16 Antojitos Denise’s

16 Antojitos Denise’s

March 29, 2010

4060 E Olympic Blvd, East Los Angeles, CA 90023

East Los Angeles

Envious readers, Let me tell you how I stopped on my way home for my fourth taco meal in five days, at famed East LA pork specialist Antojitos Denise’s. At Denise’s, you stand on the sidewalk and order through a barred window, and then eat in a covered dining room space with a front open to the traffic of Olympic Boulevard – perfect taco ambience; a melding of indoor-outdoor-taco space. Some people may not appreciate this kind of environment. The benefit of this characteristic (analogous to the wearing of Ed Hardy shirts) is that it makes it obvious to discern that those people suck, and I hope you figure that out early in your relationship with such sucky people. Denise’s is a perfect taco spot, down to the loud classic Mexican pop music on their radio. I reflected briefly on the good ol’ days when Nate and I would eat at the patio overlooking the freeway at the Del Taco in Santa Ana, another kind of true Southern California experience.

I asked for three tacos, the carne asada, carnitas, and al pastor. Al Pastor was unavailable! This means I will have to go back again. I semi-adventurously substituted chicharron, remembering Jonathan Gold’s praise for it (“numbingly rich, a 1,500-calorie taco”). Tacos were $1.40 each and a little larger than average. You order, get served, and don’t pay until after you eat, lending the experience a sense of graciousness.

The tortillas were thick, bubbly, quite yellow and corny-flavored. Handmade? A single tortilla per taco performed admirably. First I ate the carnitas. I had high expectations – Denise’s is said to be one of the great sources of slow-roasted carnitas in town; you can go there and buy a giant thing of carnitas to take home for the family. If you really loved your family, you would do this for them. Disappointingly, my carnitas taco was not magnificent, but it showed potential. It was not very warm and a bit dry; but it had the crunchy/chewy textural variation I admire, and an excellent gamy pig flavor. You can tell it cooked for a long time. It showed potential!

Next, I ate the chicharron, my first time eating a chicharron taco. I looked at it up close, eyeing it warily. I don’t know what I expected, but it wasn’t this – there was a single big floppy strip of breaded fried something, softened by a moisturizing sauce. I took a big bite. It was weird – softened fried goodness on the outside, with a slightly chewy 2mm thick inner layer of what must have been pork skin. Not chewy like a gummy bear, but chewy like gnocchi, maybe. The taste of fat mingled with the taste of fried breaded goodness and salsa. Taste was good, but the unusual texture dominated the experience for me. I pondered the compelling weirdness of it – I wanted to pronounce it gross, but it totally wasn’t. I knew I would dream of that chicharron taco for days to come, my desire and longing for it rising to new heights until satisfied.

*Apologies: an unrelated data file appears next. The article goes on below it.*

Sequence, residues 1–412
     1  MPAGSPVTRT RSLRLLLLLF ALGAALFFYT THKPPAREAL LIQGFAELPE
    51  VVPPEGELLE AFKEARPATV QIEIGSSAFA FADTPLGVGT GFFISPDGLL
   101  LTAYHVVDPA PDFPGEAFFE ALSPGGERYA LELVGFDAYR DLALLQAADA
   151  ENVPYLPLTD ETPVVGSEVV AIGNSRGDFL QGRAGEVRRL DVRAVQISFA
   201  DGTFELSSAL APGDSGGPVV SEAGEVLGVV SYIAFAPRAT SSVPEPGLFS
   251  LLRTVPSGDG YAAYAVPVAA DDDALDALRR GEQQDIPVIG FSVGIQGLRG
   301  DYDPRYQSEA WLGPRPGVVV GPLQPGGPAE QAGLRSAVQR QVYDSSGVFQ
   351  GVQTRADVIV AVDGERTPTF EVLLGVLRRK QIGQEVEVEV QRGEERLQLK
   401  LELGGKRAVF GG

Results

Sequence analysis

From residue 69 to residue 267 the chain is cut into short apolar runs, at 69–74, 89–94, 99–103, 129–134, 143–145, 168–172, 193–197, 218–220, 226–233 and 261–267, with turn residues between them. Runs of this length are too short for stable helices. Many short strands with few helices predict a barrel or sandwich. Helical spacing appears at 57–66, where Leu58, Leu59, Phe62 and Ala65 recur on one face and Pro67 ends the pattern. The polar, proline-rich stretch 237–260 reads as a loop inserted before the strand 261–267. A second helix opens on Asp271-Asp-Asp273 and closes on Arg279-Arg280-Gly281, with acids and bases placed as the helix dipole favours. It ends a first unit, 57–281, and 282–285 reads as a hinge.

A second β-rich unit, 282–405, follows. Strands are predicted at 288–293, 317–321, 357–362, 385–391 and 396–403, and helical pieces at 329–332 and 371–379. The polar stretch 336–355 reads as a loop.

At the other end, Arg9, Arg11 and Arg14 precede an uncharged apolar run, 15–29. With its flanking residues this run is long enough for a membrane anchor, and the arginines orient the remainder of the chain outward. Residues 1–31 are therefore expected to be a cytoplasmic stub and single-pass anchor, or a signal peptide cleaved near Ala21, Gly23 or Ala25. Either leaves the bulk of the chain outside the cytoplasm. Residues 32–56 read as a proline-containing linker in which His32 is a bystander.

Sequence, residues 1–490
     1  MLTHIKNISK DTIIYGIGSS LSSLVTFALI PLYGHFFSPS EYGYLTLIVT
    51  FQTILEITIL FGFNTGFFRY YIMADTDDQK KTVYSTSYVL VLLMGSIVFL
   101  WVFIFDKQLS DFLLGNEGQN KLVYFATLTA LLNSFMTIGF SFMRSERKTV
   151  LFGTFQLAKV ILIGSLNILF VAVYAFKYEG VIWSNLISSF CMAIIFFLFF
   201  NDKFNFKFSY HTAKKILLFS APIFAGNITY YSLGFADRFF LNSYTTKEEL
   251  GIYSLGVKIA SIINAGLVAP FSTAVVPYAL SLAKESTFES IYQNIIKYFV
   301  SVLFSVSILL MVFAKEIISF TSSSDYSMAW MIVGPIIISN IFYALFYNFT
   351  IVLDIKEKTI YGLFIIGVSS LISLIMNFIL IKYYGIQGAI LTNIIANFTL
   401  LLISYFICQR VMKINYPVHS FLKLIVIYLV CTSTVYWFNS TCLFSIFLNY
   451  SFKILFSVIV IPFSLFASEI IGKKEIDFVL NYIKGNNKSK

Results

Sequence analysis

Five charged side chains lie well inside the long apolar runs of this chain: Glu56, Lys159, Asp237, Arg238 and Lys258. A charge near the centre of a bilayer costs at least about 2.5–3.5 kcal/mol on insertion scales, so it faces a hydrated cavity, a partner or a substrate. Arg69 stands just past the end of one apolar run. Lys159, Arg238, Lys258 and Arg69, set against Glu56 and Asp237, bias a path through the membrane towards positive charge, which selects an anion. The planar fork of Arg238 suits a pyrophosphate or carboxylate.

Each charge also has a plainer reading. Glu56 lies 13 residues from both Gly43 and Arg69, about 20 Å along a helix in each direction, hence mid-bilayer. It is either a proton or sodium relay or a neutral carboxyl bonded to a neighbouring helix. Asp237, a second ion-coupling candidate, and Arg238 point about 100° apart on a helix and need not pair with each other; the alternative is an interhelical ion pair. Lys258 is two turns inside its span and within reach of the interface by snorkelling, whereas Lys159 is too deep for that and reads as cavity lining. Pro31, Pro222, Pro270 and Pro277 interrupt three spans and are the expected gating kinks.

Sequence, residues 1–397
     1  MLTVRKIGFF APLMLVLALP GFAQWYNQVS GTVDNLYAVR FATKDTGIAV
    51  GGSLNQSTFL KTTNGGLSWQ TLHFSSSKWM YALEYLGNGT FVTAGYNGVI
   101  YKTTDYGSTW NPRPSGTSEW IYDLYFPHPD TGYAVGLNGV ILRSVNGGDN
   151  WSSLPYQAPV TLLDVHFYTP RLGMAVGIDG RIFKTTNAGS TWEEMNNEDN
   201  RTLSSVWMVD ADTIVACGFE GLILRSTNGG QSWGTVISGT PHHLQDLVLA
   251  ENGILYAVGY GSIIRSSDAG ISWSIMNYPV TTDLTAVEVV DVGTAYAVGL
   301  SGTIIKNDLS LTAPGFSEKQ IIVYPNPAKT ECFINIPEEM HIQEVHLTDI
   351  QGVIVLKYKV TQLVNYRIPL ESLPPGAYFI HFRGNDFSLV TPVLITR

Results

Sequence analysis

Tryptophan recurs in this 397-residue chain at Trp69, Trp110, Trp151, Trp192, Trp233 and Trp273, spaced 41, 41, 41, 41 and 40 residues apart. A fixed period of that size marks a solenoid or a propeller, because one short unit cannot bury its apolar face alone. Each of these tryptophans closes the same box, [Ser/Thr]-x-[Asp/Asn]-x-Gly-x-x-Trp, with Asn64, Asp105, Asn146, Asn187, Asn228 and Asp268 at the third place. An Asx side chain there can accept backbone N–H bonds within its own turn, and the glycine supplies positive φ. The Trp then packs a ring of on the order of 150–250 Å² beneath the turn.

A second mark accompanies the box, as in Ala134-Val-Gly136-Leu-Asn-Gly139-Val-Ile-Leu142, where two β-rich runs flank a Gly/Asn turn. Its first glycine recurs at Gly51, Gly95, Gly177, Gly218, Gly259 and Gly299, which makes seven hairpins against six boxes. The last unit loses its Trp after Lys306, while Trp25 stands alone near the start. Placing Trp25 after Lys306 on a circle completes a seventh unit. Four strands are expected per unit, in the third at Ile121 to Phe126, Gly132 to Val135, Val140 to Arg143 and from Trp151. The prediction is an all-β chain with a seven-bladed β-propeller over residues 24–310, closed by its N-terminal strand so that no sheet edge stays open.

As an architect, I became conscious of the fact only a few years ago that a failed work of architecture, if unusual, is just as or more interesting than a successful one – the “objective” view, from the architect’s biased perspective, can derive interest in that work despite, or even because of, spectacular ugliness or unintended programmatic wackiness. And what do you get out of a building that is merely pretty?

Without much examination, I have always thought of food as something that I liked when it tasted good, and disliked when it tasted bad. A lifelong picky eater, I have been overlooking the excitement of food that doesn’t necessarily taste good, but is weird and different; and I most certainly have overlooked the benefits of things that taste bad, like vegetables. This was my taco epiphany for the day. I hope it changes my life.

So the carne asada taco had a tough act to follow, but it was very good. The steak was good quality meat, finely diced, juicy but not oversaturated, well seasoned, served with a tasty red salsa. One of the challenges of writing a taco blog is that the majority of tacos are above average – the math doesn’t work out. It feels like you’re writing every time about how your taco was delicious. That is only a problem to the extent you’re compelled to be a critical, objective observer, so never turn pro.

4 responses to “16 Antojitos Denise’s”

  1. Tyler

    After this wonderful east-la-piphany, I heartily encourage you to try huitilacoche the next time you see it on a menu. My first encounter with the stuff was completely by accident, a result of hurrying my food order at closing time. Your giddy description of chicharron’s victory over dietary preconceptions reminds me of my fateful first encounter with the black corn fungus. Likewise, your portrait of the spatial informality of roadside dining in southern california brings back many fond memories as I sit here on a 35-degree morning in Vermont.

  2. taqueria

    Thank you for that. I have not tasted any corn fungi, but Carmen and I were discussing the other day that the recasting of “corn fungus” as “corn truffle” is one of the great marketing moves of the decade. I’ll try a bite of that fungus taco.

  3. Tarik

    Your dalliance with the chicharrone taco has lent the abstract to your prose. I can’t wait until your multiple week psychedelic bender post fungus taco, and the associated verbage. Fear and Tacos in LA?

  4. taqueria

    Today I stopped for lunch at Denise’s – what a pork store! as they say in Panama. I had two carnitas tacos, which were fantastic, better than last time; and an al pastor taco, which had been unavailable. It was very good, but not stellar, and with a gamy flavor that reminded me of the smell when you open a tin of wet cat food. I mean that in a good way, really.

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